Monday, April 25, 2011

Series Over, Season Over

The best way to wrap up this series is that the Knicks learned a very important lesson. When a superior team opens the door for you, you have to take advantage of it. Because chances are they won’t open it again. Boston is neither as bad as they were in Games 1 and 2 nor as good as they were in games 3 and 4. No team plays to their “average” capability every game, their average is derived from a series of underperformances, middle of the road games, and overperformances. When a team like that has an underperformance – let alone two of them on their home court – you have to capitalize. If you don’t the series is probably over. Because eventually they are going to even that out with an overperformance, a game in which you will probably have no chance because of their superiority. That is exactly what happened in Games 3 and 4. And that is basically the story of this series.

The call of the series, by the way, came from TimC. He said an electric Madison Square Garden could actually help the Celtics, and he could not have been more right. At its peak, it’s the best basketball environment in the world. Nothing compares. The Boston Garden (or whatever it’s 17th name in 10 years is) doesn’t, especially after being exposed to the basketball they have the last four years. The difference in environment between Games 1 and 2 and the beginning of Game 3 night and day. And the Celtics played their best basketball of the series at the beginning of that game. It was the Knicks last real chance to get in, and the Celtics virtually put a stop to it before it started. I think it’s a combination of guys who have played a lot of big games recently and only get up in the biggest spots, having old legs rejuvenated by what was the most electric atmosphere they had played in all year, and the Celtics having the type of guys (specifically Pierce and Allen) who thrive in those kinds of environments. Good call, Timmy.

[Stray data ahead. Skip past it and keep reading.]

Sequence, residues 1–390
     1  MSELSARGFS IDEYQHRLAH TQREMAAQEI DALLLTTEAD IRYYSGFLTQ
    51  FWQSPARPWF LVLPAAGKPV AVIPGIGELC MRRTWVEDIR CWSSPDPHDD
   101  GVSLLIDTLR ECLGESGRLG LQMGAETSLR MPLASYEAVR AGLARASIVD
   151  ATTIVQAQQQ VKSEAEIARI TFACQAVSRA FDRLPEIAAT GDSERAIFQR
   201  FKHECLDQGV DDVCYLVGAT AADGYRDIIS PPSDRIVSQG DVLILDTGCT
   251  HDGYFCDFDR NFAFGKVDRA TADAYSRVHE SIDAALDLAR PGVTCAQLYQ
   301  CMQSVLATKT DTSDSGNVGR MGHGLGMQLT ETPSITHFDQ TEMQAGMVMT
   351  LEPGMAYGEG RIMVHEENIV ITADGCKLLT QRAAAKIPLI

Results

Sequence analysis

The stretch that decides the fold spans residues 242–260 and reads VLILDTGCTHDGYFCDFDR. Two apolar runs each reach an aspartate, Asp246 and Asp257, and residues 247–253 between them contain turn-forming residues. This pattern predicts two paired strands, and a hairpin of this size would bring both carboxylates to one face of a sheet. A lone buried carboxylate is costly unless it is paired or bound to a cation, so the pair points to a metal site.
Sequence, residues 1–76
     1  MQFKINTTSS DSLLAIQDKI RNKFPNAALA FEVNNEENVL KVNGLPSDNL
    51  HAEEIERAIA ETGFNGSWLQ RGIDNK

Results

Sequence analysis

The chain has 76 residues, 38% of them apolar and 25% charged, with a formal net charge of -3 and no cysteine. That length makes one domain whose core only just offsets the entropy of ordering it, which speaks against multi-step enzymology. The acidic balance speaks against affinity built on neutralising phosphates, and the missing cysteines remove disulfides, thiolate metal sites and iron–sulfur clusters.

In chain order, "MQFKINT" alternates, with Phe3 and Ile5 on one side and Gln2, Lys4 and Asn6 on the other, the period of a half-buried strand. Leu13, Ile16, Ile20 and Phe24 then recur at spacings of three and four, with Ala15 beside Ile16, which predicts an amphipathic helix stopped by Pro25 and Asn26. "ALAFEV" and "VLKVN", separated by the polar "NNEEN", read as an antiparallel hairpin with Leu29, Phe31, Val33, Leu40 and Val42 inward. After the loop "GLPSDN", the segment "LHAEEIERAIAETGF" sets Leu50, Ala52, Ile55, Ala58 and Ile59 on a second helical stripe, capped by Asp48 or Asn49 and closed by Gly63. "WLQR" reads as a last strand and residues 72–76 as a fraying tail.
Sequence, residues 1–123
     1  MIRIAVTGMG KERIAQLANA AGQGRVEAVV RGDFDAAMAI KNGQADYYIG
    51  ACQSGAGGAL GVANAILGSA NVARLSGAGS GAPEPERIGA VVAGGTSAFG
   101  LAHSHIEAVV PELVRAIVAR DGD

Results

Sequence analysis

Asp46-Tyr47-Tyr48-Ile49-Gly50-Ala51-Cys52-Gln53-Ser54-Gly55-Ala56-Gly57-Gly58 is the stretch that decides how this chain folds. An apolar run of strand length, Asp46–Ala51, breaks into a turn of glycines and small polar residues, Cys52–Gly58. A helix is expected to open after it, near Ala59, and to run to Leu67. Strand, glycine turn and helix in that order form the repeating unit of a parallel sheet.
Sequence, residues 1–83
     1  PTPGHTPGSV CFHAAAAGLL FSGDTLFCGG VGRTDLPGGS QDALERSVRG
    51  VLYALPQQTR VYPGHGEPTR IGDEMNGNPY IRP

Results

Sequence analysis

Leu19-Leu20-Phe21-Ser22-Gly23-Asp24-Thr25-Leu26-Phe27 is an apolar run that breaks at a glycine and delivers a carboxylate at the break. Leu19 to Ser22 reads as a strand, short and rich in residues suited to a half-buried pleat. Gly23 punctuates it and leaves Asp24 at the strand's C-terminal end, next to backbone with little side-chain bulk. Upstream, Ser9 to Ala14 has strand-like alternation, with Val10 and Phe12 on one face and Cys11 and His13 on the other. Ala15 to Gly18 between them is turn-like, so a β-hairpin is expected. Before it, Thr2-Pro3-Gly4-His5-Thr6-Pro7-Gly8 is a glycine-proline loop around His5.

At the end of the day the Knicks just aren’t as good as the Celtics, and everyone knows that. They had a chance to make it interesting in the first two games, and let that opportunity slip away. Hopefully that is all part of a bigger learning experience that this year was. Because from here on out there are expectations, something they didn’t have this year. That’s what comes with having one of the best 1-2 cores in the game for a full season and being in the biggest basketball market in the world. Still, it was disappointing that they didn’t get a game. No matter what the circumstances, you’d like to see them get one. But without a healthy Amare and Chauncey they were supremely overmatched. It’s done with now, and they just need to get better from this point forward.

Besides, a nice silver lining would be the Celtics having to deal with losing to the Heat (if they get past the Sixers). Just as, if not more painful than losing to the Knicks in the first round given the rivalry they’ve developed with Lebron. Hopefully that happens.

I had a great basketball season as a fan. Far better than I ever could have imagined on both the college and NBA fronts. Now I'm enjoying moving over to baseball full-time.

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